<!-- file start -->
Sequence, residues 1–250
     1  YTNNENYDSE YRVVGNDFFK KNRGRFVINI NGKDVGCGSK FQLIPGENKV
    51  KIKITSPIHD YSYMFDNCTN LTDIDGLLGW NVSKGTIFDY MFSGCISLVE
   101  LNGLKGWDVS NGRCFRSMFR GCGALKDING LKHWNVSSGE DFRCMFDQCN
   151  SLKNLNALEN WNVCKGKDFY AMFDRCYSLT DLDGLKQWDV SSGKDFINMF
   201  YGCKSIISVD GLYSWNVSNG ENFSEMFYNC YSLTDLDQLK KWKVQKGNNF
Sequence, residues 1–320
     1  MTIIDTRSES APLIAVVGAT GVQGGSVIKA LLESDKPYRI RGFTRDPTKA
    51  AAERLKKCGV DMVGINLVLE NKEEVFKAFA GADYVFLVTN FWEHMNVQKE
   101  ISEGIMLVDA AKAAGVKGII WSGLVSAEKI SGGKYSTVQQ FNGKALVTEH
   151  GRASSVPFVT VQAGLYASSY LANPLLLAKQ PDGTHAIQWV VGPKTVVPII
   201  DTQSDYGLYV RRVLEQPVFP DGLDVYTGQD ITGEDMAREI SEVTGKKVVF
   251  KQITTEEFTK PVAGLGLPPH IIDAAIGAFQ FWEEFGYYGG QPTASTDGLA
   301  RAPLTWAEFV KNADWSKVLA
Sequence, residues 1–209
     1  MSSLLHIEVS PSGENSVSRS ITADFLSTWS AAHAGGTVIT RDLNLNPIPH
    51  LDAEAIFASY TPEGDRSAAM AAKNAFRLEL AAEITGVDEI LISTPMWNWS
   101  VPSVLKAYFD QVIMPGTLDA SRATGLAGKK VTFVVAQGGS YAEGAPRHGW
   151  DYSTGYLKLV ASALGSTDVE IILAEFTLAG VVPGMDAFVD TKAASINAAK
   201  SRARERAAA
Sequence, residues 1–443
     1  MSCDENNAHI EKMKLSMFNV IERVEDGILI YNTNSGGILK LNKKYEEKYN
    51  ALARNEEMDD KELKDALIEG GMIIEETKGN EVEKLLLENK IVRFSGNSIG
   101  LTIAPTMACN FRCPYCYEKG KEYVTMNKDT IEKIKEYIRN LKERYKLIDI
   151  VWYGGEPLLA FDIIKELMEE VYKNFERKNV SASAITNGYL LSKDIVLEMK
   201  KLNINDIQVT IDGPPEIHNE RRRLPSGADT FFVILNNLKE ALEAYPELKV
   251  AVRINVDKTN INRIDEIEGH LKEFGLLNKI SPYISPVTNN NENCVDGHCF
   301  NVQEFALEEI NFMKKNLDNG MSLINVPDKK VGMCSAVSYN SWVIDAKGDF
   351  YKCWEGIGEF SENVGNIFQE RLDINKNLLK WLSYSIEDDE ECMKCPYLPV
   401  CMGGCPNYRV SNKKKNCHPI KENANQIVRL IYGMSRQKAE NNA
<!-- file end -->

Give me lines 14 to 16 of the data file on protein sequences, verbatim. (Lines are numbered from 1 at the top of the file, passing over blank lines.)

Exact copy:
   301  RAPLTWAEFV KNADWSKVLA
Sequence, residues 1–209
     1  MSSLLHIEVS PSGENSVSRS ITADFLSTWS AAHAGGTVIT RDLNLNPIPH